As many are probably aware, on February 14, a gunman shot and killed 17 people and wounded many others with an AR-15 semi-automatic rifle at Marjory Stoneman Douglas High School in Parkland, Florida, U.S.A.
That was over a month ago. However, the event is still making headlines and buzzing on social media, and that’s unusual.
The reason it has not left the spotlight? The outspokenness of the school’s students in the aftermath. We can all learn a valuable lesson from these brave young people: If we want change to happen, we must take an active, vocal, persisting stand.
An immediate—and lasting—response
The U.S. is no stranger to mass shootings. Many have taken place across the country in recent years. These events usually make international headlines, but with so many occurring on a regular basis, the world has become somewhat numb to the news of “another” shooting in the U.S.
The Stoneman Douglas shooting was the ninth-deadliest mass shooting in modern U.S. history. It was initially widely reported on with the focus being the shocking number: 17 people dead. The media released the names of the victims quickly, as is usual.
But soon after, the discourse changed. It took a turn that previous shootings had not. The school’s students, survivors of the attack who had just witnessed the murders of their peers, started to speak out about firearm safety and legislation. They called on both state and federal lawmakers to pass legislation that would make the purchasing of assault weapons more difficult.
Three days after the shooting, student Emma Gonzalez delivered a passionate speech at a local rally, calling on President Donald Trump and members of the U.S. Congress to pass stricter gun legislation.
Emma Gonzalez delivers a speech at the Rally to Support Firearm Safety Legislation in Fort Lauderdale, Florida, U.S.A on February 17, 2018.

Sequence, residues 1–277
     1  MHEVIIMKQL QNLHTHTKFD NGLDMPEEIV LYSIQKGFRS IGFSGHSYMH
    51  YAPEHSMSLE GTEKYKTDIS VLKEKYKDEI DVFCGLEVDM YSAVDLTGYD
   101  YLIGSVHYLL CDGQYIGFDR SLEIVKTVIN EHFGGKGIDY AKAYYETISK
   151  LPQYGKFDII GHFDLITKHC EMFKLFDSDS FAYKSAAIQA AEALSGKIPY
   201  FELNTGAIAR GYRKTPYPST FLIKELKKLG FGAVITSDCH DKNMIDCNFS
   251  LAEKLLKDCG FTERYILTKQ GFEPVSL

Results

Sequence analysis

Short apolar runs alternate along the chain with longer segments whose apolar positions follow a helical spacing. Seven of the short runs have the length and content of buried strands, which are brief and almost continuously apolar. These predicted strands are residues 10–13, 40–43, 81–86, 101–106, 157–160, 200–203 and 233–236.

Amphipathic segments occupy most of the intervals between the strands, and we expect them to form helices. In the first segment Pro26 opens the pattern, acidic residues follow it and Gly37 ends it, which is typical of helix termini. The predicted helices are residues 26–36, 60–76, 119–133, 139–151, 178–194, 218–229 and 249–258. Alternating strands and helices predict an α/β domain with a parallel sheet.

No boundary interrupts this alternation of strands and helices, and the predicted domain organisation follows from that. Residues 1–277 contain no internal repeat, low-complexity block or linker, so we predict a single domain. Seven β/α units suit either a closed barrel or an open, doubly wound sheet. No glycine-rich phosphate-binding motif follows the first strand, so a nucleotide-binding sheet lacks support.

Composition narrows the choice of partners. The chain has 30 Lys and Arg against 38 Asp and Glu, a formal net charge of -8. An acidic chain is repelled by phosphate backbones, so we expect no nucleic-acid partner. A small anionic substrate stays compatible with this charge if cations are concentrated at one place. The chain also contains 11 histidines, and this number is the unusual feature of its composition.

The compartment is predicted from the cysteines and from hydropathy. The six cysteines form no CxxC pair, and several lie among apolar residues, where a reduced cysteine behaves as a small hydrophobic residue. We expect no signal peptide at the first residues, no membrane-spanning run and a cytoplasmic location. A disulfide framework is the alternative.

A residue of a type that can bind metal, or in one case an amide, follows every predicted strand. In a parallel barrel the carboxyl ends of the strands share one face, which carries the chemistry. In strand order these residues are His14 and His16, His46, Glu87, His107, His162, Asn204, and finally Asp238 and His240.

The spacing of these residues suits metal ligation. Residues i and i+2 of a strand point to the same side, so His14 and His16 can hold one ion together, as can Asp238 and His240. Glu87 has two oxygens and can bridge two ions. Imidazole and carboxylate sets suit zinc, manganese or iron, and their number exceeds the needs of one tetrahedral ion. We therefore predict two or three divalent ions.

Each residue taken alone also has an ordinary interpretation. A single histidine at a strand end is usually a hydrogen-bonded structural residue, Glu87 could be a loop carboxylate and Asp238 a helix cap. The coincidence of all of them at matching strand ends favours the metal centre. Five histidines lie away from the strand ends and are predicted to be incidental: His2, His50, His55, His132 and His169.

Her classmates were also immediately outspoken. The students called on legislators for change both in TV interviews and on social media. Some also wrote powerful op-eds.
These students formed the Never Again movement one day after the shooting, giving a title to their activism.
On February 21, one week after the shooting, they traveled to Florida’s state capital to demand action from legislators. In the following days, they had the opportunity to face U.S. Senator Marco Rubio in a CNN-hosted event. Others met with President Trump.
On the one-month anniversary of the shootings, under the guidance of Never Again, an estimated 1 million students across the country participated in the #Enough! National School Walkout to protest gun violence. A larger demonstration, March For Our Lives, will take place on March 24 in cities around the globe.
Resilience in the face of defeat
At first, the students were told “no.”
When they reached the state capital on the 21st, they learned that state legislators had rejected a motion to debate a bill that would ban assault weapons just hours before. Their meetings with President Trump and Senator Rubio turned out largely fruitless.
Some of the students were mocked due to their young ages. Some were made the subjects of conspiracy theories. Some even received death threats.
But they kept fighting, they kept speaking, and change is happening.
Florida’s senate passed the Marjory Stoneman Douglas High School Public Safety Act, which tightens gun control in the state. The U.S. Congress has been working on passing the STOP School Violence Act of 2018, which, while it does not include any gun control measures, focuses on keeping schools safe from threats.
Gun retailers like Walmart and Dick’s Sporting Goods have announced they are placing tighter restrictions on weapon and ammunition sales in their stores.
A lesson to be learned
The methods the Stoneman Douglas students used are not exclusively useful for gun reform. They can be used by groups fighting for many issues all around the world.
These days, most activism takes place on social media. We say things behind the comfort of a screen that we might be too afraid to say in public with our own mouths. The students have shown us that, while social media activism is important, it alone will not bring about real change.
The most successful movements will combine multiple forms of activism on a variety of platforms. They will attempt to get their voices heard on as many platforms as possible. They will ensure their message reaches not just those in power but the general public as well.
The activists will not let their fears of being told “no” or of being ridiculed stop them from speaking their minds. They will organize the masses and continue to fight until change occurs.
Staying silent will never work. If it is safe for us to do so, we must not be afraid to be outspoken on the issues that matter most to us—whatever they may be. The future is now, and the Stoneman Douglas students have provided us with a perfect model of activism to follow—one that is suited for 2018.